Tech companies can exploit such vulnerabilities to keep people hooked; manipulating, for example, when people receive “likes” for their posts, ensuring they arrive when an individual is likely to feel vulnerable, or in need of approval, or maybe just bored. And the very same techniques can be sold to the highest bidder. . . .
“The dynamics of the attention economy are structurally set up to undermine the human will,” [ex-Google strategist James Williams] says. “If politics is an expression of our human will, on individual and collective levels, then the attention economy is directly undermining the assumptions that democracy rests on.” If Apple, Facebook, Google, Twitter, Instagram and Snapchat are gradually chipping away at our ability to control our own minds, could there come a point, I ask, at which democracy no longer functions?
“Will we be able to recognise it, if and when it happens?” Williams replies. “And if we can’t, then how do we know it hasn’t happened already?”
In the same vein, Nicholas Carr (no stranger to The Teeming Brain’s pages) published a similarly aimed — and even a similarly titled — essay in the Weekend Review section of The Wall Street Journal on the very day the Guardian article appeared (October 6). “Research suggests that as the brain grows dependent on phone technology, the intellect weakens,” says the teaser. Here’s a representative passage from the essay itself:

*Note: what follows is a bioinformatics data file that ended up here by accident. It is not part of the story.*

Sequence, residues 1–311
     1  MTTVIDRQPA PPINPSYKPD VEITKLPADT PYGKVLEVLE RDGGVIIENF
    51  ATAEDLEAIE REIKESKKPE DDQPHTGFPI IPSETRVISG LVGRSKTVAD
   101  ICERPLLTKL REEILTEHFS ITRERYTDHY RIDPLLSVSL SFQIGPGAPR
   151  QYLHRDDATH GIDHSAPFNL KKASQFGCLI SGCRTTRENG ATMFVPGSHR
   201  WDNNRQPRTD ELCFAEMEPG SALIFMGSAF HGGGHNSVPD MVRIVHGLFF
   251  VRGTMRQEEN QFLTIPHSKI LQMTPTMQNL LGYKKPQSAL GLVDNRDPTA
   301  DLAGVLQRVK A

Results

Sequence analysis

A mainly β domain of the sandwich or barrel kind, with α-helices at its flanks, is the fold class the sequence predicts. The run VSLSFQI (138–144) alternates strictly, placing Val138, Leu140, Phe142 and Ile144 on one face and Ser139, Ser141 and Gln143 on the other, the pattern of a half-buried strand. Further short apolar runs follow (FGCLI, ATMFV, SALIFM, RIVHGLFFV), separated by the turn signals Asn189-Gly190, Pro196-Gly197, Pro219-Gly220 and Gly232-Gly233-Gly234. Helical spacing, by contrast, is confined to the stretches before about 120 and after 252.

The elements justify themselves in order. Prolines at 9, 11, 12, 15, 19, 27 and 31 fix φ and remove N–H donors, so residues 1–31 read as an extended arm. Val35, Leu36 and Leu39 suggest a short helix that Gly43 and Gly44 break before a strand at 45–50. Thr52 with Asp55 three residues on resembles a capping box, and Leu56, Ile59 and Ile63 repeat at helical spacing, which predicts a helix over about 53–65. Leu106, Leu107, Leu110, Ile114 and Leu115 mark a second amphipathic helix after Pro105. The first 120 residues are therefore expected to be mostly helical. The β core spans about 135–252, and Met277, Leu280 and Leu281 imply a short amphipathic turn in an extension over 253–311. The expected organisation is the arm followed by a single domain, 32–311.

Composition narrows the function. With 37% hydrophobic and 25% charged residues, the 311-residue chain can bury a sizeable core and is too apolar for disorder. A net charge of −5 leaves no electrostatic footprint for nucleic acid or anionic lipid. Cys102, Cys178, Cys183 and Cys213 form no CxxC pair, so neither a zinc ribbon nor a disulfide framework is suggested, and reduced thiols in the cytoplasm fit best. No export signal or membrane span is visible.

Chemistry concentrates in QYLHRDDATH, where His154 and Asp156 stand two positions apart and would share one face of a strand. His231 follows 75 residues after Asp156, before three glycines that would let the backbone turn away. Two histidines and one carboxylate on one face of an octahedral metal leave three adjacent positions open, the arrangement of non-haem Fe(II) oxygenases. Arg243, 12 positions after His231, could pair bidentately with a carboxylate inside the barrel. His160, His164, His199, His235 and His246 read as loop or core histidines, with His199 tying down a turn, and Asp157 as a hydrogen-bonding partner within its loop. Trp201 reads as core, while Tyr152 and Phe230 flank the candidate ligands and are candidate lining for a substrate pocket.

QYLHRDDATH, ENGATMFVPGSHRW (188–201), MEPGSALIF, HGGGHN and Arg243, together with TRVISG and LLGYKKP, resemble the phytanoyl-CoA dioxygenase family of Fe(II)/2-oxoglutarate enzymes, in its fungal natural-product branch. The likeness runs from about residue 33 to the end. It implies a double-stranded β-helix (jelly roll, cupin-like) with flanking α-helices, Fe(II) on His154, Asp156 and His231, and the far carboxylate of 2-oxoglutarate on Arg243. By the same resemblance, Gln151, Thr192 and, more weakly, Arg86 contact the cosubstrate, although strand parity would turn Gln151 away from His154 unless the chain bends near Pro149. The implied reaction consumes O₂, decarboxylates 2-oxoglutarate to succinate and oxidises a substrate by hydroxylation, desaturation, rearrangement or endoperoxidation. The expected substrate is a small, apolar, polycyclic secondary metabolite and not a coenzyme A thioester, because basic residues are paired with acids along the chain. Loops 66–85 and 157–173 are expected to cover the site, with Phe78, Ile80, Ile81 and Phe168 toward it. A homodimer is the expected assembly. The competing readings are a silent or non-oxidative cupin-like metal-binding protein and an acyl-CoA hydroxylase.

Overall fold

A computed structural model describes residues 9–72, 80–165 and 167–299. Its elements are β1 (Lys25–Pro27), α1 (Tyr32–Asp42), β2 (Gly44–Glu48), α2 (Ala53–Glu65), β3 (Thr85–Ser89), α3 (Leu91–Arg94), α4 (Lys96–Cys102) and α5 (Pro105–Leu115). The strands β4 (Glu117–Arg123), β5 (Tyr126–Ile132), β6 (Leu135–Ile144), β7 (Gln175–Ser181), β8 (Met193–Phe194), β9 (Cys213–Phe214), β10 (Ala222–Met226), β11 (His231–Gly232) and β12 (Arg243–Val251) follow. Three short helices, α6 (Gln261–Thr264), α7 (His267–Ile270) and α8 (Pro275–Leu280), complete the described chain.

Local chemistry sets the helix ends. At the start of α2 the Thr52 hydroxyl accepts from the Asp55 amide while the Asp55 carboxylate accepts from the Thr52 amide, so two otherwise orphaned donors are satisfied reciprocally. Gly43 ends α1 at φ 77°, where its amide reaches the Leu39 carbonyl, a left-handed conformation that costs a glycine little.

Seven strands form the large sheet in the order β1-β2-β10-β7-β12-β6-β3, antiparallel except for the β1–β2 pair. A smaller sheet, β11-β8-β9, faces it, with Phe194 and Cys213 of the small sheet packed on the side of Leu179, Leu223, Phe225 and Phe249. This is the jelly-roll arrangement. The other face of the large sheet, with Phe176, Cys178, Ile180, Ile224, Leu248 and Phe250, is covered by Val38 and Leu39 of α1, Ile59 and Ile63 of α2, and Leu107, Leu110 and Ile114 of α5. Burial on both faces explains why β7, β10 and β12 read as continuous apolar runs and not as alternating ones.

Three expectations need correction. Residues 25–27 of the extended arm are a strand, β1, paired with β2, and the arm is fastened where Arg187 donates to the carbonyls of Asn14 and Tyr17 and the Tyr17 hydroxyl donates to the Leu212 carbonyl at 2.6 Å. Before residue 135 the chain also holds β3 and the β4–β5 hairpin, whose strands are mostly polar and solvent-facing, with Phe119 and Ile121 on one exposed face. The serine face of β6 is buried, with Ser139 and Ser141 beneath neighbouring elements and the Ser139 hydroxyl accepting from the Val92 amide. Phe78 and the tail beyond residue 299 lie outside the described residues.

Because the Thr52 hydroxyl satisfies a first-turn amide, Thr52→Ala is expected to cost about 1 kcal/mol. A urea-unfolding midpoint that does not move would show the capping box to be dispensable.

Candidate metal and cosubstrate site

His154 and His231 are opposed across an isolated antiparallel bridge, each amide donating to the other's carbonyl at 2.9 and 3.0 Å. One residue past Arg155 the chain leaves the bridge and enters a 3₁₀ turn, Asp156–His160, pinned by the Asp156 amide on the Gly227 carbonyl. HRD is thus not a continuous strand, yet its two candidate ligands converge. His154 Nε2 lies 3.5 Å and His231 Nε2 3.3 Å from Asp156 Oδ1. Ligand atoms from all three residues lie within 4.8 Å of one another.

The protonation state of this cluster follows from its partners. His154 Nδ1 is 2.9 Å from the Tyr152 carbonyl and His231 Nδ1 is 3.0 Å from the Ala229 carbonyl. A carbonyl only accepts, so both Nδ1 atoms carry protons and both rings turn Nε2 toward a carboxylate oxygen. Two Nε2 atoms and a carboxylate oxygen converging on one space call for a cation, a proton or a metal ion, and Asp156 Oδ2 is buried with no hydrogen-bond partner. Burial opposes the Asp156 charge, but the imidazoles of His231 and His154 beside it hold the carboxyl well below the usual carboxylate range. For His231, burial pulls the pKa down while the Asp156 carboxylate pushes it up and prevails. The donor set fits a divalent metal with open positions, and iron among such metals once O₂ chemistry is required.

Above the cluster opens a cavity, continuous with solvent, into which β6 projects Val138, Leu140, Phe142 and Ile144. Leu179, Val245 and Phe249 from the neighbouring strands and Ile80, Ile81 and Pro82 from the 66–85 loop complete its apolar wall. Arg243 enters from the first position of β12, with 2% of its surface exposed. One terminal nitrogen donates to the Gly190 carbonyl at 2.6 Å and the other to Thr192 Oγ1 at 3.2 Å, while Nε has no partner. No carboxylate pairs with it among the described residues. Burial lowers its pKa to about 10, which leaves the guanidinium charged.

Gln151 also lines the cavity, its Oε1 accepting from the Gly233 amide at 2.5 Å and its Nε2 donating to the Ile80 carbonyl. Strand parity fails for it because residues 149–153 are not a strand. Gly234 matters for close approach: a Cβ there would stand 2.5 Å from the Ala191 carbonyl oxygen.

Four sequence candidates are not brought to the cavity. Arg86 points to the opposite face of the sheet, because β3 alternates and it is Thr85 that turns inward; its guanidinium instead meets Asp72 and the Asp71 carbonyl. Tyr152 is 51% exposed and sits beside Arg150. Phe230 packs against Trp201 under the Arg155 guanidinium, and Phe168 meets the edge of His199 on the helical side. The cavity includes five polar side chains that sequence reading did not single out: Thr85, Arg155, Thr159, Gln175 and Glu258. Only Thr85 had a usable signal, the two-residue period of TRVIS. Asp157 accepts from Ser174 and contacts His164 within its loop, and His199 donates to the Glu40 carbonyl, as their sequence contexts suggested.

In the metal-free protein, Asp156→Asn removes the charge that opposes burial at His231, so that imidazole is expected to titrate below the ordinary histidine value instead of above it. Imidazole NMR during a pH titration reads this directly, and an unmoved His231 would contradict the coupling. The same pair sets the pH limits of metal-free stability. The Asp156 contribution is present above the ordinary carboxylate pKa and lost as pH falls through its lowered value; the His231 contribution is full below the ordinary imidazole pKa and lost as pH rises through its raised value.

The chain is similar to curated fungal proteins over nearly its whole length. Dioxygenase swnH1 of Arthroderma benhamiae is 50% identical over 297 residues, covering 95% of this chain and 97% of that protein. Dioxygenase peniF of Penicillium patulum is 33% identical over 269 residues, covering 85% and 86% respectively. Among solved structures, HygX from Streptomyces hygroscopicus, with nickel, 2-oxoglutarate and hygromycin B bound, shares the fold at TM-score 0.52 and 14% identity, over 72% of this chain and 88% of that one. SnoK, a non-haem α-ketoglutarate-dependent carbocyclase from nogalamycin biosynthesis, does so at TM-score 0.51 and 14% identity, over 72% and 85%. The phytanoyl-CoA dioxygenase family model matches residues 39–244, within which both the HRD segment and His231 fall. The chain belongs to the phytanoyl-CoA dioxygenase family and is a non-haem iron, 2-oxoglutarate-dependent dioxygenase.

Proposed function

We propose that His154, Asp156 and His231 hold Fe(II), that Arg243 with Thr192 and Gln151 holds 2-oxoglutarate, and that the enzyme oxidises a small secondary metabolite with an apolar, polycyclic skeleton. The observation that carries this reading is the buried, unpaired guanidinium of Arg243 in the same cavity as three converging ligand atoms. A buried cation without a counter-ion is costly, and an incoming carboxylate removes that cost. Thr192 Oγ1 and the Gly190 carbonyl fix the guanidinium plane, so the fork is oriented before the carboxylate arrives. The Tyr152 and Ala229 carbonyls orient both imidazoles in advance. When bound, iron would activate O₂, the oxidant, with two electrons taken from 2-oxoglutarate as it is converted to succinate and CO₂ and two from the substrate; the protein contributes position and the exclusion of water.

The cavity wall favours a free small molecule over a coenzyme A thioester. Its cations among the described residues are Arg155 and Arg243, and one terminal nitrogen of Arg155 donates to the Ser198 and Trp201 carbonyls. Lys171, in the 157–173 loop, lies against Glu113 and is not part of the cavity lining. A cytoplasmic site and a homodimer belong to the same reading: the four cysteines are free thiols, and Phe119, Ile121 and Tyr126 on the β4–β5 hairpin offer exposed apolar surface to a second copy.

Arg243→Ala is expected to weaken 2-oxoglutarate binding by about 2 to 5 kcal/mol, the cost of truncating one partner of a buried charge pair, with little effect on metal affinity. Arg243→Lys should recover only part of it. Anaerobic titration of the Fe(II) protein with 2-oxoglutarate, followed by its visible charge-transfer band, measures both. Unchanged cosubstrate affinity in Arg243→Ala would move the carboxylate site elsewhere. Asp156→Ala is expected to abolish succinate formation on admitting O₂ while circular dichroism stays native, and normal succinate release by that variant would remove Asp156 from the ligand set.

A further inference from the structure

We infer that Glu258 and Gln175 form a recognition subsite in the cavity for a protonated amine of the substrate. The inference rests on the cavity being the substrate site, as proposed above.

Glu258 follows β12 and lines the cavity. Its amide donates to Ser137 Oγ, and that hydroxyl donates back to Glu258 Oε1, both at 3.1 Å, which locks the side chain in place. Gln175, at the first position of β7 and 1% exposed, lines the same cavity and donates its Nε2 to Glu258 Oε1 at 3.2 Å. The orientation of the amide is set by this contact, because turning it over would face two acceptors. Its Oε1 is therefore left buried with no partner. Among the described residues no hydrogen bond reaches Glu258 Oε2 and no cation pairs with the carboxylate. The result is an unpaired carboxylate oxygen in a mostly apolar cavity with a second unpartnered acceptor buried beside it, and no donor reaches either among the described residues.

Scientists have long known that the brain is a monitoring system as well as a thinking system. Its attention is drawn toward any object in the environment that is new, intriguing or otherwise striking — that has, in the psychological jargon, “salience.” Media and communication devices, from telephones to TV sets, have always tapped into this instinct. Whether turned on or switched off, they promise an unending supply of information and experiences. By design, they grab and hold our attention in ways natural objects never could.
But even in the history of captivating media, the smartphone stands out. It’s an attention magnet unlike any our minds have had to grapple with before. Because the phone is packed with so many forms of information and so many useful and entertaining functions, it acts as what [Adrian] Ward calls a “supernormal stimulus,” one that can “hijack” attention whenever it’s part of the surroundings — which it always is. Imagine combining a mailbox, a newspaper, a TV, a radio, a photo album, a public library, and a boisterous party attended by everyone you know, and then compressing them all into a single, small, radiant object. That’s what a smartphone represents to us. No wonder we can’t take our minds off it.